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TheRealMrEd

IPMS/USA Member
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Everything posted by TheRealMrEd

  1. As usual, I waited a long time for this model, hoping someone else would jump in, etc. etc. No one else did, so I did, and here is something you won't often see, the YF-94D, which was actually a converted YF-94C in an earlier life. This aircraft was going to be a ground-bashing version of the F-94 series, but that never really got off the ground. This plane and it's single sister ship were used to test the M-61 Gatling gun and 20mm cannon. When these tasks were completed, they were seconded by the Air Force to the Mass ANG for use as trainers. For those interested, the build thread and art work are HERE The pics of old "Pinocchi-nose": Hope that you enjoyed looking as much as I enjoyed adding this bird to the collection. As usual, while not perfect nor excruciatingly detailed, it's a lot better than the one I had before... Ed
  2. Here's something very similar, an F-94A I built from a T-33 kit, decades ago, the same way that one was built: This was way before any F-94B kits came out... Ed
  3. Thanks guys, I just love this P-80, T-33, F-94, etc. jet family. Hope to build one of each type, if I last that long! Ed
  4. Adding another of those odd little models to the collection, may I present the Lockheed YF-97, later known as the YF-94C. I've never seen one built, so I decided to give it a shot... For those who might be interested, the build thread for this model is HERE Without further ado, the pics: A fairly simply conversion. I hope you'll try one yourselves! Thanks for looking in, Ed Quote "Dispensing the Tribal Wisdom since before there WAS a Tribe!"
  5. Thanks guys! Some of these old "hangers-on" are worthy of completion -- we just gotta get up the gumption to get 'em done... Ed
  6. Number 3 for 2021 is a conversion I started right after the Emhar kit first came out, which then rested on the Shelf of Doom ever since. Here's one for the Gipper: For those who might be interested, the build thread is HERE I am posting the final pics of the model: This model was on the Shelf Of Doom since shortly after the kit came out (2004?), and I'm glad to have finally bitten the bullet, and now have it to add to the collection. I hope some of you out there will give one a try! Ed
  7. For those interested, the build thread is HERE Here are a few finished pictures, of a model that I've always wanted, built by kit-bashing a 1/72 Hasegawa F4B/N Phantom II kit, that eventually used NO aftermarket parts, NO resin parts, and NO vacuformed parts. I only used the parts in the Hasegawa box, some decals from the spares box, and of course, some decals printed on my inkjet printer at home. I should mention here that all the needed artwork is provided in the build thread, free for any NON-Commercial use, if you would care to try one yourself. The pictures: Give one a try -- you'll like it! Thanks for looking, Ed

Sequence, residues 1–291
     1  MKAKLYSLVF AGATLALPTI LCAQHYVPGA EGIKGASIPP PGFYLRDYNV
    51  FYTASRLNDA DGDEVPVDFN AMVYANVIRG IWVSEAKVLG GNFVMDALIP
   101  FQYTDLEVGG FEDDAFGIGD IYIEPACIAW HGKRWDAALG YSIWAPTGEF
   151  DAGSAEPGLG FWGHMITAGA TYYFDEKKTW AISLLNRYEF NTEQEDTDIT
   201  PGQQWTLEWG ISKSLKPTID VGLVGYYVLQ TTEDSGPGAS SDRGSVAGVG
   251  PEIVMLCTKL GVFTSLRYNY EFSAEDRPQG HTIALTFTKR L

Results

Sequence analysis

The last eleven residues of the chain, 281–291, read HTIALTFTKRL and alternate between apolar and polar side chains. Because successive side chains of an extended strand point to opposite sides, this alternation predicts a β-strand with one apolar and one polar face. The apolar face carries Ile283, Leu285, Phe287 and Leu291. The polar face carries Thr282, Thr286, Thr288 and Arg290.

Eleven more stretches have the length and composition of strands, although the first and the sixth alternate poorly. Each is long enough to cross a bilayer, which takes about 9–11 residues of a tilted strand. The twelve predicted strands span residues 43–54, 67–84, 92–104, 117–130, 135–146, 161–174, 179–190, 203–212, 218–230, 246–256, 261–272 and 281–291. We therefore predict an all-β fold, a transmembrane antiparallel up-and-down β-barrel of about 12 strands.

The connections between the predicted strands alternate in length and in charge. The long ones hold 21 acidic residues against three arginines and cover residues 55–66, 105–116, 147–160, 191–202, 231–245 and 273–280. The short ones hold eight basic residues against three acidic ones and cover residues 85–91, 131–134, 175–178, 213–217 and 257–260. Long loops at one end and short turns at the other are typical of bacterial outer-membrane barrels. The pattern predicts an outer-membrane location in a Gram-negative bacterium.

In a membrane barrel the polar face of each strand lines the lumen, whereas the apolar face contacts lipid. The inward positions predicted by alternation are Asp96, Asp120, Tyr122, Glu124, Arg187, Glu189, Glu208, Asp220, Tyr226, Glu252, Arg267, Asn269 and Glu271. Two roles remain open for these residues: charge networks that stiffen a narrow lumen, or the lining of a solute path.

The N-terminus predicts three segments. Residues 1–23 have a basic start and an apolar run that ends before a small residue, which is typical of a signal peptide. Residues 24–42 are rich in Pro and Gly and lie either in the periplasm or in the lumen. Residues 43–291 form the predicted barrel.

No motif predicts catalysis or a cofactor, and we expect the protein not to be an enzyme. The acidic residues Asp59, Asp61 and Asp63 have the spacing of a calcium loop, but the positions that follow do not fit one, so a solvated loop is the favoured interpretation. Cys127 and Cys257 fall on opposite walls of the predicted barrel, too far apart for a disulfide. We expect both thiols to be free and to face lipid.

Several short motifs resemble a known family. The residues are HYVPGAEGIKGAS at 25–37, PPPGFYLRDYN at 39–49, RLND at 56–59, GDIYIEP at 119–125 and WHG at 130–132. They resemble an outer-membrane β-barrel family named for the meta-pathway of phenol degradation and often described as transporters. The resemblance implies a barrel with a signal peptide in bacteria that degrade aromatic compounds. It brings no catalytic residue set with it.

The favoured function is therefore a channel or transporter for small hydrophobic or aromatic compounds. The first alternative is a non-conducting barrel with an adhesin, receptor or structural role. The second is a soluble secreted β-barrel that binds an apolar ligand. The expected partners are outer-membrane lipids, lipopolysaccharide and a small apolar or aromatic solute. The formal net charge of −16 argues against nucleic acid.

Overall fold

8. It comes up now and then, whether it is possible to duplicate vac-u-formed canopies. The answer is yes! I will show you how I do it. First off, the canopy you wish to replicate has to be closed at both ends. If it has already been cut out of it's plastic sheet, you are going to have to devise a way to make it hold a runny sort of product. One way might be to glue plastic pieces to the part that needs to be sealed off, using a glue such as G-S cement, which can later be dissolved with 91% rubbing alcohol, without harming the plastic. BEWARE -- THIS METHOD WILL NOT WORK ON ANY SORT OF "UNDERCUT" CANOPY!!! -- but then, I don't think the vacuform process would either! Next, I dip the canopy into a paper cup full of Future or Pledge or whatever it is now, wherever you are. I do this twice, dipping into the cup, holding the part with tweezers, and allowing to dry on a paper towel for an hour or so between coats. After each dip, I pour the left-over Future/Pledge back into the bottle, then place the now empty paper cup upside down over the canopy, while it dries, to deter any dust. The reason for the Future is twofold. First, to help make certain that the surface of the cast part will be smooth, and also because later on, if the casting doesn't want to come out of the canopy (mold), you can dissolve the Future with Windex with Ammonia D, as it is now called. Don't know why that call it that, but they do. You can also use plain or diluted ammonia, but it will smell really bad! Anyway, except for the Future and ammonia product, our needs are simple: The canopy we wish to copy, and a can of Durham's Rock Hard Water Putty. What it was used for originally, I don't know, but it works great for this. I got mine at Home Depot, you mileage may vary.. I just dump some of the Durham's fine powder into a plastic cup, then add a few drops of water, and stir with a cocktail stick. The stuff stirs much like Plaster of Paris, but dries harder (and yellow). You want to mix it until it has a consistency somewhere between chocolate syrup, and pudding. That is, you don't want it too runny, as it will take forever to be dry (and be weak), but also, you don't want it to be so stiff that you have to scoop it into the mold (canopy). Fortunately, it's cheap enough to experiment with! Anyway, just make sure that your canopy will hold water, but your putty mix is more like pudding... Next, mix up the putty and pour it into the mold (canopy). Make certain that the canopy is level. I usually make sure to fill the canopy a bit above level, as the putty will shrink slightly as it settles. I also run a cocktail stick back and forth, to make sure that no bubbles are left against the canopy surface. Getting the right consistency will go a long way toward that goal. Here is what mine looks like, after drying, usually about two or three days: Usually, the Durham's will just pop out with a tiny bit of prying, preferably in an area that is not critical, as the stuff WILL scratch. If not, here is where the Windex D is your friend. Run a few drops along the edge between the canopy and the Durham's, and after a few seconds, you should be able to pop it right out. Lastly, the finished product: Note that any fine rough edges (arrow) can be sanded right off, and the bottom can be sanded flat, if need be. Note the perfectly smooth surface of the molded part, which is of course, a perfect copy from the inside of the canopy, so that after you vacuform it, should create a copy perfect to use -- plastic thickness being about the same as the original copy. If there is a little Durham's residue on the original canopy that you copied, again, the Windex D and a toothbrush will get it right off! Duck Soup, as they say... Now, where did I put that Vac-u-former? Ed